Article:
The album will be released on March 24 by Flickering Shadow Productions on all digital platforms. Summers rose to fame in the late '70s as the guitarist of the legendary award-winning, multi-million-selling rock band The Police, which is recognized as the most successful group of the era. His innovative guitar sound was a key element of the band's popularity, thus creating a new paradigm for guitarists that has been widely imitated in the decades since.
Regarding his new album, Triboluminescence
, he said, "It took months to make it, so it was a slow building of the tracks with all the parts, compositionally. I boiled it down to the nine tracks that made the album."
He noted that he does not have a personal favorite track on the album, and that he loves all of them. "They are all very different, and that's what makes the music interesting," he said. "There is an overall thematic approach, and they all had to succeed in their own way."
On the song, "Elephant Bird," he said, "I like the melodies. I created that loop as this exotic backing. I've got the drums on it, and nothing was particularly obvious. It created this positive melody that surprised me, and it was really working. It sounded like Miles Davis to me, in a good way on the guitar. I was pleased with the way it came out."
He noted that "Haunted Dolls" was one of the more difficult tracks to get right. "I went through a few changes on that one. I love the opening melody. I had a few different bridges, and I had another drummer play on it. It was a great piece but problematic to finish it off, and in the end, I abandoned the bridge idea because I felt that the key change really came with the guitar solo," he said.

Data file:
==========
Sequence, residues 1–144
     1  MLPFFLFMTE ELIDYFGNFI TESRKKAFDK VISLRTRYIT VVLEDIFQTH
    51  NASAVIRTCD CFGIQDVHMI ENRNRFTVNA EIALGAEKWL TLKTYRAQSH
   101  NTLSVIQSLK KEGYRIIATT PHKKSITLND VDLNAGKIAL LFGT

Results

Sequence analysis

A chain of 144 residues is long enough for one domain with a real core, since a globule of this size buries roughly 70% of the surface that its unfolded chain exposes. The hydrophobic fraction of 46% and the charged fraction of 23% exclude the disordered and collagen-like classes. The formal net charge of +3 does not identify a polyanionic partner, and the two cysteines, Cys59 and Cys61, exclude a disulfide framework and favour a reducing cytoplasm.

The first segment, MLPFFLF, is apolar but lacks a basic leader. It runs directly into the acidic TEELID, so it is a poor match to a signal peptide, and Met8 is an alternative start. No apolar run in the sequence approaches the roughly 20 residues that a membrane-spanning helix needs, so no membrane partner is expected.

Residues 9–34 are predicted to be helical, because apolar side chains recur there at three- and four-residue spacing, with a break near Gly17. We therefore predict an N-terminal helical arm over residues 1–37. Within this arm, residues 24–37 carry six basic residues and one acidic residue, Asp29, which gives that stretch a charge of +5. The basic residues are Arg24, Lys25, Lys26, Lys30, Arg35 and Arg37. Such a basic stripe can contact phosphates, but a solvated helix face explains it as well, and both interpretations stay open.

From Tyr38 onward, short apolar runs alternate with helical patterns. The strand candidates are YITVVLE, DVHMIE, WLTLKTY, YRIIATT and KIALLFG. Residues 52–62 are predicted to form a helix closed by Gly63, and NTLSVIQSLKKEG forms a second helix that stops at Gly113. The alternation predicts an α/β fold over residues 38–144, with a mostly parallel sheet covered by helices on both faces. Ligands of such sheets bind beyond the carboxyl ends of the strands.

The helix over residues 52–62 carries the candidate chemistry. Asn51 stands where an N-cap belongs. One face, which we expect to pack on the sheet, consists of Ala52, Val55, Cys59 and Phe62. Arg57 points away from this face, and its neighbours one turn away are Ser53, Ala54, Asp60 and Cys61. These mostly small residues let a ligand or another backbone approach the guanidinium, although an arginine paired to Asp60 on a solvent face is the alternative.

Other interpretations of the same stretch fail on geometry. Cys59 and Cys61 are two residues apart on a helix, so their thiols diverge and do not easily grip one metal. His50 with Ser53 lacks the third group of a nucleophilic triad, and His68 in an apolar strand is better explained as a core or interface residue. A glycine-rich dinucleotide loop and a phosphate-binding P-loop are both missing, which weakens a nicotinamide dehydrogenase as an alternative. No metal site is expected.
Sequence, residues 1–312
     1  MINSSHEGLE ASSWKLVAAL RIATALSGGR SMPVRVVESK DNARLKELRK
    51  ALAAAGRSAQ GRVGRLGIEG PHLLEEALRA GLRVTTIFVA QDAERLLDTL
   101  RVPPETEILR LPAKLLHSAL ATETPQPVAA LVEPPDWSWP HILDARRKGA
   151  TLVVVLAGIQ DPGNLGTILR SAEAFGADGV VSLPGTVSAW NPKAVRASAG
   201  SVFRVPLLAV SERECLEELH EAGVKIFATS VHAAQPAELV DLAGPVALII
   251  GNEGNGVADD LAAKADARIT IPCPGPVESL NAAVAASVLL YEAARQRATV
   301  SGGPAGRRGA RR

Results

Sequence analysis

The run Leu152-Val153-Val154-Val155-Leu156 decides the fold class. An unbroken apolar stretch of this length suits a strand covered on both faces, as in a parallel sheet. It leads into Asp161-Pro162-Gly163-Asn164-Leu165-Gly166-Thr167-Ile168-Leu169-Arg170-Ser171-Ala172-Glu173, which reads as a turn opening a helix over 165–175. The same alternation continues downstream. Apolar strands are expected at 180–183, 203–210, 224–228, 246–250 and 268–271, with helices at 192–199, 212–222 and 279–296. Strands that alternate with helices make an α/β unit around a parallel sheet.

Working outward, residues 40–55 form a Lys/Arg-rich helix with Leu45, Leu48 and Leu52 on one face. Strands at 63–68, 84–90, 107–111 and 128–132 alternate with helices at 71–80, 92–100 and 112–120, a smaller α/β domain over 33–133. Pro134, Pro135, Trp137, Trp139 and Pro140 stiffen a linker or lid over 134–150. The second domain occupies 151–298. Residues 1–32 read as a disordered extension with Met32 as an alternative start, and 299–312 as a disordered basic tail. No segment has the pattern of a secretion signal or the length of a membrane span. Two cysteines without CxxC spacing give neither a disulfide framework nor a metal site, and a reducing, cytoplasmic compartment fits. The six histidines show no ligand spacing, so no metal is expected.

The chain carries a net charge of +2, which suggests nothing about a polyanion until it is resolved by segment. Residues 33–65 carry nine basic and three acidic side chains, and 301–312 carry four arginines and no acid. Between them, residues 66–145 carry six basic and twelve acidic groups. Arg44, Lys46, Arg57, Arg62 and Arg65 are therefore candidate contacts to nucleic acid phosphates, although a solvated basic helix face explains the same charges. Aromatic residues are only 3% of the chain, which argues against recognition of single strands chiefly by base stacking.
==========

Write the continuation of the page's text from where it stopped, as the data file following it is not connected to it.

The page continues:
Summer shared that the album's title is a "scientific word that actually means creating light from dark, which is a very good metaphor for the creative process." "That was the choice. I think it's a really hooky word that people get interested in it," he said.
Each day, Summers is motivated by creativity. "I like making things, whether it is photography, writing or playing the guitar and creating new compositions. That's what inspires me," he said.
On the key to longevity in the music industry, he said, "doing good work and not getting caught up in trends." "Taking your own true feelings and allowing what you really want to play, and forget about commercial success," he said. "You need to decide if you ultimately want to be a pop sensation or a real artist."
In 2003, Summers was inducted into the coveted Rock and Roll Hall of Fame along with his band-mates Sting and Stewart Copeland, as a member of The Police.
To learn more about Grammy-winning guitarist Andy Summers and his new album, check out his official website